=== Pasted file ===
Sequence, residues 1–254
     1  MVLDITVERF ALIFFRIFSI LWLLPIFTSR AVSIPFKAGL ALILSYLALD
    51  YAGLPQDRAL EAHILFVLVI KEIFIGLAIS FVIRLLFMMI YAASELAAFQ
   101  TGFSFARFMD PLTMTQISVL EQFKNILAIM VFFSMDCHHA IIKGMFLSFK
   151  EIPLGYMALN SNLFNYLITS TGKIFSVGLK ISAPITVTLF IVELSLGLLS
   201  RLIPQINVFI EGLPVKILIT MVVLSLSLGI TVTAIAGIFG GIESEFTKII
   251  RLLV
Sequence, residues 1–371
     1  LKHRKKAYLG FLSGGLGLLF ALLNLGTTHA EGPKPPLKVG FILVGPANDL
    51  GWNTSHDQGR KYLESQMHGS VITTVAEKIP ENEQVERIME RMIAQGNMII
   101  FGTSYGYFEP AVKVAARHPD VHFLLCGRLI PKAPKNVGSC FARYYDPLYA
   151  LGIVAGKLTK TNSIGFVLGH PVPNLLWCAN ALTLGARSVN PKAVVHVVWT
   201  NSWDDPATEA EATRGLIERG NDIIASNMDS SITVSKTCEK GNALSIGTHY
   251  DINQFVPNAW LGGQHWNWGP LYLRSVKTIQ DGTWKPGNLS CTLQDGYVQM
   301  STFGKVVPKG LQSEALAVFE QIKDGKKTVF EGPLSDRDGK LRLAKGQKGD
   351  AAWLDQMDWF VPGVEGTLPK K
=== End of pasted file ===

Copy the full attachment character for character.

Sequence, residues 1–254
     1  MVLDITVERF ALIFFRIFSI LWLLPIFTSR AVSIPFKAGL ALILSYLALD
    51  YAGLPQDRAL EAHILFVLVI KEIFIGLAIS FVIRLLFMMI YAASELAAFQ
   101  TGFSFARFMD PLTMTQISVL EQFKNILAIM VFFSMDCHHA IIKGMFLSFK
   151  EIPLGYMALN SNLFNYLITS TGKIFSVGLK ISAPITVTLF IVELSLGLLS
   201  RLIPQINVFI EGLPVKILIT MVVLSLSLGI TVTAIAGIFG GIESEFTKII
   251  RLLV
Sequence, residues 1–371
     1  LKHRKKAYLG FLSGGLGLLF ALLNLGTTHA EGPKPPLKVG FILVGPANDL
    51  GWNTSHDQGR KYLESQMHGS VITTVAEKIP ENEQVERIME RMIAQGNMII
   101  FGTSYGYFEP AVKVAARHPD VHFLLCGRLI PKAPKNVGSC FARYYDPLYA
   151  LGIVAGKLTK TNSIGFVLGH PVPNLLWCAN ALTLGARSVN PKAVVHVVWT
   201  NSWDDPATEA EATRGLIERG NDIIASNMDS SITVSKTCEK GNALSIGTHY
   251  DINQFVPNAW LGGQHWNWGP LYLRSVKTIQ DGTWKPGNLS CTLQDGYVQM
   301  STFGKVVPKG LQSEALAVFE QIKDGKKTVF EGPLSDRDGK LRLAKGQKGD
   351  AAWLDQMDWF VPGVEGTLPK K